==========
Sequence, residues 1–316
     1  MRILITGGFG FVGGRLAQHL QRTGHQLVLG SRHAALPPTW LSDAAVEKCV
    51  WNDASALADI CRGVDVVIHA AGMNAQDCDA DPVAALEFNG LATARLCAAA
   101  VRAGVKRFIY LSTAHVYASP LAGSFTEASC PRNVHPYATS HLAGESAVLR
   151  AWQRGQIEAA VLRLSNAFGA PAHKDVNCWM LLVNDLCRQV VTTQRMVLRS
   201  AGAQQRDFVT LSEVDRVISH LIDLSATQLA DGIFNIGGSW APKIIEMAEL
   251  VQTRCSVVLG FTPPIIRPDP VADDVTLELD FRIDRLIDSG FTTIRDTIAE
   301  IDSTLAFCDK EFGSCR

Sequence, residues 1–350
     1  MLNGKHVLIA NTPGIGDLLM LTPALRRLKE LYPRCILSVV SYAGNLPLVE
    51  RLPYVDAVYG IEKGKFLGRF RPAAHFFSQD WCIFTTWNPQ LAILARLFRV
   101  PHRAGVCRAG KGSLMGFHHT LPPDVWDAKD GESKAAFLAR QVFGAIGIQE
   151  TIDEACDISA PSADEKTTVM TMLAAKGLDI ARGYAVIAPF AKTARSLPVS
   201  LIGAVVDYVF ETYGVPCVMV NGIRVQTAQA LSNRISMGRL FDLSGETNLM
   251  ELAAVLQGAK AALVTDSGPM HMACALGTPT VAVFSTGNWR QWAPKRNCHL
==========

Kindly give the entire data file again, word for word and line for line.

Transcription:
Sequence, residues 1–316
     1  MRILITGGFG FVGGRLAQHL QRTGHQLVLG SRHAALPPTW LSDAAVEKCV
    51  WNDASALADI CRGVDVVIHA AGMNAQDCDA DPVAALEFNG LATARLCAAA
   101  VRAGVKRFIY LSTAHVYASP LAGSFTEASC PRNVHPYATS HLAGESAVLR
   151  AWQRGQIEAA VLRLSNAFGA PAHKDVNCWM LLVNDLCRQV VTTQRMVLRS
   201  AGAQQRDFVT LSEVDRVISH LIDLSATQLA DGIFNIGGSW APKIIEMAEL
   251  VQTRCSVVLG FTPPIIRPDP VADDVTLELD FRIDRLIDSG FTTIRDTIAE
   301  IDSTLAFCDK EFGSCR

Sequence, residues 1–350
     1  MLNGKHVLIA NTPGIGDLLM LTPALRRLKE LYPRCILSVV SYAGNLPLVE
    51  RLPYVDAVYG IEKGKFLGRF RPAAHFFSQD WCIFTTWNPQ LAILARLFRV
   101  PHRAGVCRAG KGSLMGFHHT LPPDVWDAKD GESKAAFLAR QVFGAIGIQE
   151  TIDEACDISA PSADEKTTVM TMLAAKGLDI ARGYAVIAPF AKTARSLPVS
   201  LIGAVVDYVF ETYGVPCVMV NGIRVQTAQA LSNRISMGRL FDLSGETNLM
   251  ELAAVLQGAK AALVTDSGPM HMACALGTPT VAVFSTGNWR QWAPKRNCHL